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  • Print publication year: 2010
  • Online publication date: July 2011

6 - The emergence of dynamic theories



The orderings, and orderings of orderings, that go into the generation of a human body, or even of much less complex organisms, make any catalogue of catalogues or bibliography of bibliographies look like rather simplistic stuff. It is unsurprising that much enlightenment on what is happening is derived from what happens when something goes wrong. The usual major defects known as mutations have been of enormous value in genetics. Thus, rather confusingly for anyone approaching the field for the first time, many Drosophila genes are named negatively, for what happens when they are not working: fushi tarazu, Japanese for ‘not enough segments’, is working properly when the insect produces exactly enough segments; likewise for hunchback, Krüppel (German for cripple) and so forth. Also, experiments in developmental biology often involve transplanting pieces of tissue to places in an organism that Nature, with her zeal for self-organization, would not have thought of.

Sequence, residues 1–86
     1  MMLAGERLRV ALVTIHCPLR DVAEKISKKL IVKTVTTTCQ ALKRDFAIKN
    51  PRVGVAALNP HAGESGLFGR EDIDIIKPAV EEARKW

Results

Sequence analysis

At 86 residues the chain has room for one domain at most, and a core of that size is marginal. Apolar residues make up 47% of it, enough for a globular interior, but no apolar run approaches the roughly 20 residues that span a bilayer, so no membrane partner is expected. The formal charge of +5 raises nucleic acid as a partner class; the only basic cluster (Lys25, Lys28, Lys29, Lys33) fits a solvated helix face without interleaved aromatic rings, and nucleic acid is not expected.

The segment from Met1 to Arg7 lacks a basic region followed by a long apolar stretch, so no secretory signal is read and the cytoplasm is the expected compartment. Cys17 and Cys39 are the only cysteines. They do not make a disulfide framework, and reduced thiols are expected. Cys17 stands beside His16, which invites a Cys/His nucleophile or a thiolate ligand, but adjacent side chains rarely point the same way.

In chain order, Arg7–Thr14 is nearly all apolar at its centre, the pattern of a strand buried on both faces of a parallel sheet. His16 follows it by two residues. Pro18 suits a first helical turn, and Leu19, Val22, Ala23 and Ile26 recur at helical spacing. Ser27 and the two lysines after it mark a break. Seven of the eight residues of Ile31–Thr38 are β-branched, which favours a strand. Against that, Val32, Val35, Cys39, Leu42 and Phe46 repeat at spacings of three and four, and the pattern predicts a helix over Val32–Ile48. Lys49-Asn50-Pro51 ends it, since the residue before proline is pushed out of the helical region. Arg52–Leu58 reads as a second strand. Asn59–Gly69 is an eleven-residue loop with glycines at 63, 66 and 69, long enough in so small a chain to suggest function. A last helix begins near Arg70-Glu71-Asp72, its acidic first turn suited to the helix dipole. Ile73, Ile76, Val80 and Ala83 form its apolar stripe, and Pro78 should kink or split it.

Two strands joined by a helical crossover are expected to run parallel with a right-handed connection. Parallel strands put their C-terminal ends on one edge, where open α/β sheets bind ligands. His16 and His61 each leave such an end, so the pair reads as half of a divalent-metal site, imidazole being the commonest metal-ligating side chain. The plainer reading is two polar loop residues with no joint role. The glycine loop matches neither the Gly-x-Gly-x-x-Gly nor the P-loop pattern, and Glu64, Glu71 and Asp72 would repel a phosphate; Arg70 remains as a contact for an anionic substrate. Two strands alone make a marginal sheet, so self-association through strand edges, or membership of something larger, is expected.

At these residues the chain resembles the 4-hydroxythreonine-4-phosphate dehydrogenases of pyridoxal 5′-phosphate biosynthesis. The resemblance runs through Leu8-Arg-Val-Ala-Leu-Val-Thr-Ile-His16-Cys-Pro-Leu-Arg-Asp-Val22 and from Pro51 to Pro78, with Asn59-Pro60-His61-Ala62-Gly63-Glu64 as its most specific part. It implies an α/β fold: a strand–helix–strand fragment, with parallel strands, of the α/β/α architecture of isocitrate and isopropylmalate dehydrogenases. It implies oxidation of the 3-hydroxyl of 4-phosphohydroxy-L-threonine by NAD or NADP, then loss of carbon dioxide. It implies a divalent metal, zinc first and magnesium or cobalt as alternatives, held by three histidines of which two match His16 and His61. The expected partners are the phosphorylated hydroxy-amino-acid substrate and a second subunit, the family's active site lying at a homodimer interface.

But if perfect orderings are the ideal, Nature sometimes seems to persist in ‘going wrong’ by keeping on doing something rather sloppily. A kind of sloppiness that is potentially informative is imperfect ordering of a pattern, in which numerous parts (usually ‘spots’ on a more or less flat surface) are neither randomly distributed nor marshalled into square or hexagonal ordering, but something in between.

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